This is so exciting!
The Futures are up, Europe is up, the Dollar is down – despite the fact that the last Fed Statement, the last Fed Minutes and Bernanke's last speech all said, VERY CLEARLY, that there will NOT be any more QE UNLESS the economy worsens. We just had the new Beige Book on Wednesday and, thankfully, the economy is not worsening. Therefore – one may conclude – no easing today. To do so would make the Fed seem capricious and inconsistent and erode their future ability to steer the markets with rhetoric.
Of course, this doesn't matter to the robots who are jacking up the Futures after the foolish humans sold all day yesterday – and the day before, and the day before that, and the day before that. But not last Friday – although last Thursday was terrible too and last Wednesday wasn't so good and last Tuesday was awful – so how about that rally?
As you can see from our Big Chart, we're getting exactly the sell-off we've expected but, as I've pointed out to Members, things are much weaker than they seem as the Dollar, at 81.50, is down 2.5% from where our levels were drawn (83.50) and that means that each set of lines on the chart – including the 50 and 200 day moving averages, need to be moved up one notch and that means the Dow failed it's 200 dma yesterday (at an adjusted 13,100), the S&P dropped below it's must hold line (adj 1,400) and needs to break back over the 50 dma (adjusted to 1,414) in order to get back momentum.
The Nasdaq is still above it's adjusted 50 dma at 3,037 but now need to get back over the adjusted Must Hold line at 3,075. The NYSE has failed all of it's support and has to take back 8,000 for any rally to be taken seriously and, finally, the Russell is right on the adjusted 200 dma at 804 and failing to hold 800 would be a huge sell signal.
For now (8 am), none of that is an issue as the Dollar has fallen another full percentage point (81.18) as the Euro climbs back to $1.26 because ECB Executive Board Member, Benoit Coeure said: "ECB bond purchases in the sovereign debt market must be subject to strict conditionality." What? What do you mean that doesn't sound bullish to you? The man said BOND PURCHASES! Don't you see? It's a code – the code means the ECB is planning to buy bonds – if someone asks for them (which Merkel is actively discouraging) and if they meet "strict conditionality." See – IT'S IN THE BAG!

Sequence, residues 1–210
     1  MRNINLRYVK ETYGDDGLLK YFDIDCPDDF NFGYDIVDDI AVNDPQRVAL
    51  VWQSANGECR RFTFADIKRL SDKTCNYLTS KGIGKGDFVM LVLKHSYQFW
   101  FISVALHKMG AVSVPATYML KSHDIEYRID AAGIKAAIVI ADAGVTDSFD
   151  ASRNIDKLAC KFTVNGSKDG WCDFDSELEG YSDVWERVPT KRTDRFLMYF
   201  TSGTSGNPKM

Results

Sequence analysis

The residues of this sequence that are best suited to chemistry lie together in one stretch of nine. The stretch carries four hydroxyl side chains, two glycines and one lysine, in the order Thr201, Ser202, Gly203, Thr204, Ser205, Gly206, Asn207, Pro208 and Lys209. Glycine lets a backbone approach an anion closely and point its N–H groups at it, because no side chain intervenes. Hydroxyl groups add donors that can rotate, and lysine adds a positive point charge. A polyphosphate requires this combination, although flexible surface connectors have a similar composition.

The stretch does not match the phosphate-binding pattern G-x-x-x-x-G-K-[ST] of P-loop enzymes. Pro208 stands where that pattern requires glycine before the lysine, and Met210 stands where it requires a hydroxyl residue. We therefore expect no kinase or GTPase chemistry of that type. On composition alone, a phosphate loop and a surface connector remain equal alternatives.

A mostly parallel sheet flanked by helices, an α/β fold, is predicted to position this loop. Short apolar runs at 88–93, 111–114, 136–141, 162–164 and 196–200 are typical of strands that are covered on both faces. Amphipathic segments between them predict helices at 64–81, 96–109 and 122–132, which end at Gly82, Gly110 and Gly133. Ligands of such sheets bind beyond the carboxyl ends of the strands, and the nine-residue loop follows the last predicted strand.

Fortunately, as we learned yesterday, reality is only what you say it is and Mitt did a much better job than his VP in wowing the crowd yesterday with his Reaganesque vision of America and I was particularly impressed by this documentary on his life:
With all this love in the air and the great news out of Europe, we decided to go long on the Nasdaq Futures (/NQ) in early morning Member Chat to lock in yesterday's gains on our bearish positions. Most likely, we'll be back on the short side before the market opens as we're still just a tad skeptical of all the rhetoric but nothing that happens at the open really matters until we get Bernanke's speech from Jackson Hole at 10am. '
We have our long hedges that we discussed Tuesday, and the Tuesday before that and the Tuesday before that (in case you missed it), but our short-term $25,000 Portfolios are skewed 70% bearish and we added more downside protection to our Income Portfolio, in anticipation of some disappointment from Bernanke this morning.
As I said earlier this morning to Members, I don't think they can get the Dollar below 81 and it's already (8:50) at 81.05 so we're going to be cashing out our Futures longs already and shorting the Dow (/YM) at 13,100 and the S&P at 1,410 as these are both lines that should be easy to bail out of if they break but this is simply stupid at this point – erasing all of yesterday's losses in the Futures based on an optimistic interpretation of a statement made by a guy we never heard of. You can mess around with the Futures all day long but once you begin to try to push Forex past resistance – you'd better have something more substantial than an out-of-context statement by a minor official.
Jens Weidmann is not a minor official – he is the President of the Bundesbank and he has threatened to resign if the above-mentioned bond-buying program is put into effect by the ECB. Sounds like strong opposition to me… In Berlin, a government spokesman said Chancellor Angela Merkel supports Weidmann but declined to comment on the report, which lays bare a deep rift within the ECB over the bond scheme that is increasingly being played out in public.
Stepping up the pressure to attach conditions to the plan, fellow German ECB policymaker Joerg Asmussen said late on Thursday the ECB should only buy sovereign bonds if the International Monetary Fund is involved in setting the economic reform programmes that should be demanded in return. "Opposition from Weidmann and reservations from some other Council members will mean that ECB bond purchases would be highly conditional, be focused on the short end and would not aim to bring yields down quite as much as Italy and Spain might like to see," said Berenberg Bank economist Holger Schmieding.
Ah well, enough talk – let's see what Uncle Ben has to say….